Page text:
21st March 1835

Mapping: Revista de la Asociación Geológica Argentina

Santiago to Mendoza (Day 4) – Piuquenes Pass
We began our march early in the day; we followed the course of the river, which by this time was small, till we arrived at the foot of the ridge which separates the waters which flow into the Pacifick & Atlantic Oceans. Until now our road had been good & the ascent steady but very gradual; now commenced the steep zigzag track. The Cordilleras in this pass consist of two principal ridges, each of which must be about 12,000 ft high; the first called Puquenes forms the division of the waters & hence of the Republics of Chili & Mendoza; to the East of this we meet an undulating track with a gentle fall & then the second line of the Portillo; through this, some way to the South the intermediate waters have a passage.
We began the tedious ascent, & first experienced some little difficulty in the respiration. The mules would halt every fifty yards & then the poor willing animals would after a few seconds of their own accord start again. The short breathing from the rarified air is called by the Chilenos, Puna. They have most ridiculous ideas respecting its nature; some say "all the waters here have Puna" others that "where there is snow there is Puna" & which no doubt is true. It is considered a sort of disease, & I was shown the crosses of several graves where people had died "Punado". I cannot believe this, without perhaps a person suffering from organic disease of the Chest or Heart: or very likely any one dying from whatever cause would have unusual difficulty in breathing. The only sensation I experienced was a slight tightness over the head & chest; a feeling which may be known by leaving a warm room & running violently on a frosty day. There was a good deal of fancy even in this, for upon finding fossil shells on the highest ridge, in my delight I entirely forgot the Puna. Certainly the labor of walking is excessive, & in breathing deep & difficult; & it is nearly incomprehensible to me how Humboldt (& others subsequently) have reached 19,000 ft. No doubt a residence of some months in Quito, 10,000 ft high would prepare the constitution for such an exertion. Yet in Potosi, strangers, I am told, suffer for about a year.

When about halfway up, we met a large party of seventy loaded mules & passengers; it was a pretty sight to see the long string descending, & hear the wild cries of the Muleteers; they looked so diminutive; no bushes, nothing but the bleak mountains with which to compare them. Near the summit the wind, as is almost always the case, was violent & very cold; on each side of the ridge we had to pass over broad bands of Snow, which is perpetually there & now would soon be covered by a fresh layer. I there first observed the substance described by the Arctic navigators as Red Snow. Subsequently I found under the microscope it consists of groups of minute red balls, the diameter of which is 1/1000th of an inch, & having several envelopes. The snow was only tinged where crushed by the mules hoofs & where the thaw had been rapid.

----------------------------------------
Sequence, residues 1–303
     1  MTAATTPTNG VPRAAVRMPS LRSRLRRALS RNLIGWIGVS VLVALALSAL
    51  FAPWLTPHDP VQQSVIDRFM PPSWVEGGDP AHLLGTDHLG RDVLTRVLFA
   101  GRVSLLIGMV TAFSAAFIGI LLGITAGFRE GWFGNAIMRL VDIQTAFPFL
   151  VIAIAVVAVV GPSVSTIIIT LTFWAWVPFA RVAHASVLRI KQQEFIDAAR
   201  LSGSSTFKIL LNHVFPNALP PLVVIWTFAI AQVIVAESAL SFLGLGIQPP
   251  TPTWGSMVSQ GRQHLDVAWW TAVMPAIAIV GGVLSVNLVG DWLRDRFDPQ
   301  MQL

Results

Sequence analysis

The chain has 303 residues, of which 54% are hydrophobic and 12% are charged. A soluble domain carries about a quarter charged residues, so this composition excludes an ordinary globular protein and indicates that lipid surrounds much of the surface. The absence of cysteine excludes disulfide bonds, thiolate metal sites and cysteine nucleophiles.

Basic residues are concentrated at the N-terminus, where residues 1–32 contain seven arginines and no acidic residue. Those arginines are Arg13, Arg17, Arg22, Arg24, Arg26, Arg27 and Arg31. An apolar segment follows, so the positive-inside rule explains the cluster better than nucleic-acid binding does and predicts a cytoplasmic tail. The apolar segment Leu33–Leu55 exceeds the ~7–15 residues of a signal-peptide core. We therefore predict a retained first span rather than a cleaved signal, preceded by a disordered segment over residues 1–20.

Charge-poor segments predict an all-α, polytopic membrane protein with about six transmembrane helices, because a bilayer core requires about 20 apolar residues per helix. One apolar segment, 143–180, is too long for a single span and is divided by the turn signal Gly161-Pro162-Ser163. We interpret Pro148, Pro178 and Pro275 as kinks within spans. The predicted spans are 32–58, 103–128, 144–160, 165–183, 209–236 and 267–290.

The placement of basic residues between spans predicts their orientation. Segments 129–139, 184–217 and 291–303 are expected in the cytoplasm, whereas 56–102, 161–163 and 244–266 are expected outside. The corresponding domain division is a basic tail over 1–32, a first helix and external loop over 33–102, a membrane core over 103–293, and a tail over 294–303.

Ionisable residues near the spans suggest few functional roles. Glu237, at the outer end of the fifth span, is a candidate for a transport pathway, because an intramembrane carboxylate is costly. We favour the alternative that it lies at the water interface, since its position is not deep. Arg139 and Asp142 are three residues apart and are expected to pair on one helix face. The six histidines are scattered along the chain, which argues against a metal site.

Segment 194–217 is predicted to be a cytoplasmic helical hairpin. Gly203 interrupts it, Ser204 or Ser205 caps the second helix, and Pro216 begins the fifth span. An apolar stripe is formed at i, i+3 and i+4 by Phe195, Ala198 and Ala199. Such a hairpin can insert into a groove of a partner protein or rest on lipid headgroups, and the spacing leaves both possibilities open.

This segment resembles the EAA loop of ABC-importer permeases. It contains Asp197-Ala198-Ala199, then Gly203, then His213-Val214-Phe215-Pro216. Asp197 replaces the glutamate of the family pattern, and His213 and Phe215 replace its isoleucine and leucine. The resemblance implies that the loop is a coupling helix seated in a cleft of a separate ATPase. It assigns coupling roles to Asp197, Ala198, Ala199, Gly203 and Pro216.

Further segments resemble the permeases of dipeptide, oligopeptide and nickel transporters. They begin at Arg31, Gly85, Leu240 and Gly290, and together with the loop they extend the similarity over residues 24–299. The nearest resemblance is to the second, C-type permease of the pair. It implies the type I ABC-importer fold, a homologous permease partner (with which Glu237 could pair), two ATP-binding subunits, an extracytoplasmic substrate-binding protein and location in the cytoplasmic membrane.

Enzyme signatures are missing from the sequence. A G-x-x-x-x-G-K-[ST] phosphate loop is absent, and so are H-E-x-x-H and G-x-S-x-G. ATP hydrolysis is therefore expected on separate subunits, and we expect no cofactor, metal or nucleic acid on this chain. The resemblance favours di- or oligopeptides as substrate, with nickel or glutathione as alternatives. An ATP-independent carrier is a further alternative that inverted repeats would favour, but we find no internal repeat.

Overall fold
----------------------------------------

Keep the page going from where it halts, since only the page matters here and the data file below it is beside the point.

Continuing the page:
When we reached the crest & looked backwards, a glorious view was presented. The atmosphere so resplendently clear, the sky an intense blue, the profound valleys, the wild broken forms, the heaps of ruins piled up during the lapse of ages, the bright colored rocks, contrasted with the quiet mountains of snow, together produced a scene I never could have imagined. Neither plant or bird, excepting a few condors wheeling around the higher pinnacles, distracted the attention from the inanimate mass. I felt glad I was by myself, it was like watching a thunderstorm, or hearing in the full Orchestra a Chorus of the Messiah.

We descended into the intermediate district & took up our quarters for the night: the elevation cannot be much short of 10,000 ft, in consequence the vegetation is very scanty & there are no bushes; the roots of a certain plant which are thick, serve for bad fuel. It was piercingly cold, & I having a headache went to bed. During the night the sky suddenly became clouded; I awakened the Arriero to know if there was any danger, but he told me, without thunder & lightning there is no risk of a bad snow storm. The peril is imminent, & the difficulty of subsequent escape great, to a person caught in a heavy storm between the two Cordilleras. There is only one place of shelter, a cave, where Mr Caldcleugh, who crossed on the very same day of the month, took refuge for some time. From this cause the Portillo pass in the Autumn is so much more dangerous than the other one, where there are Casuchas built.

Under the diminished pressure, of course water boils at a lower temperature; in consequence of this the potatoes after boiling for some hours were as hard as ever; the pot was left on the fire all night, but yet the potatoes were not softened. I found out this, by overhearing in the morning my companions discussing the cause; they came to the simple conclusion that "the cursed pot (which was a new one) did not choose to boil potatoes".

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